The AAUP statement also said escalated sanctions and surveillance often targeted “staff, students and nationals from non-Western countries,” and that “a number of them have been detained, intimidated and deported” based on surveillance of their private email exchanges and private social media posts. In the 2023-24 academic year, NYU Abu Dhabi hosted around 2,000 students from over 120 countries, with around four out of five students having attended from outside the United Arab Emirates.

Hennecke told WSN that many students believed a government-led “watch list” of NYU affiliates had been created around two years ago. She said that at the time, the list had allegedly targeted members of the LGBTQ+ community and that it “didn’t have anything to do” with other “politicized issues.”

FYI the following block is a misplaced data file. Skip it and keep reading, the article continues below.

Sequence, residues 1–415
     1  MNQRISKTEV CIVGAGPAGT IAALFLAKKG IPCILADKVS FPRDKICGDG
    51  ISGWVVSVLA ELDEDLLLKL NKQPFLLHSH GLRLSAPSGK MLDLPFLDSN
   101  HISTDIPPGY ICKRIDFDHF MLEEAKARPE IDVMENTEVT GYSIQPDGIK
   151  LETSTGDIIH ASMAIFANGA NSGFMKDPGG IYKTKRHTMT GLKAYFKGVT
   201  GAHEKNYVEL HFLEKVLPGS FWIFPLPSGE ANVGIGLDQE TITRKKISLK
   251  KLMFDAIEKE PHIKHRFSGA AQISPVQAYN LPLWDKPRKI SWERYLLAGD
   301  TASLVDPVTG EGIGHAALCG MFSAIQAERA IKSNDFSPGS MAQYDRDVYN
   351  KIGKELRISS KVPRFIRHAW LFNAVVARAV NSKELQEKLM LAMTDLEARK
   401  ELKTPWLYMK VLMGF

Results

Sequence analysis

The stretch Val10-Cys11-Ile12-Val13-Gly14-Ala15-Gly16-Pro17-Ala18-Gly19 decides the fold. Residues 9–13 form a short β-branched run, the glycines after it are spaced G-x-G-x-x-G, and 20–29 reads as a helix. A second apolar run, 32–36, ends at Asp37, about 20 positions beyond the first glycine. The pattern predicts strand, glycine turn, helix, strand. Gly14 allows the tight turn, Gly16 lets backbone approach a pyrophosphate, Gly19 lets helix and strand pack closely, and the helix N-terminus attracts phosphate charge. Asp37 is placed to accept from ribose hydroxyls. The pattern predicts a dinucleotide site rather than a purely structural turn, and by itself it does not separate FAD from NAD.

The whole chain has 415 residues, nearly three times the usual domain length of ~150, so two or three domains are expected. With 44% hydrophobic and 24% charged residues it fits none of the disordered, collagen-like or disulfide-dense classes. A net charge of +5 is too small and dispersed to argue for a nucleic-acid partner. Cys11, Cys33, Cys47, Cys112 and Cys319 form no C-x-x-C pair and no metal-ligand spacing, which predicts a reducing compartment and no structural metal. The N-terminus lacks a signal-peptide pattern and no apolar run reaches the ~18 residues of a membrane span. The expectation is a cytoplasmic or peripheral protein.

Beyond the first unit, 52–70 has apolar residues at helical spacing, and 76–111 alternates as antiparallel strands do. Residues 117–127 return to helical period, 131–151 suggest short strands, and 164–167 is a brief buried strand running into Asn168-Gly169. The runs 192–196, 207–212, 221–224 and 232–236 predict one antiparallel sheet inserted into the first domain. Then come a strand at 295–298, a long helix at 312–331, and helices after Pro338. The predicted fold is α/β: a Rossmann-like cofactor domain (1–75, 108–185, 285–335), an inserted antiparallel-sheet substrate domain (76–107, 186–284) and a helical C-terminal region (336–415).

“Once that became common knowledge, students definitely freaked out,” Hennecke said. “Some students were able to transfer, but most students on the campus — because they are international — aren’t really able to transfer that easily. It definitely affected the things we wear on campus, our presence on apps, our language on social media — it’s just a different existence.”

The university did not answer questions related to the alleged “watch list,” which another anonymous student said was “widely known” at the campus. In 2015, The Intercept reported that NYU had ties with HackingTeam, a surveillance company that has partnered with CyberPoint International to sell spyware to the UAE. The technology has allegedly been used to “crack down on pro-democracy activists” in the country.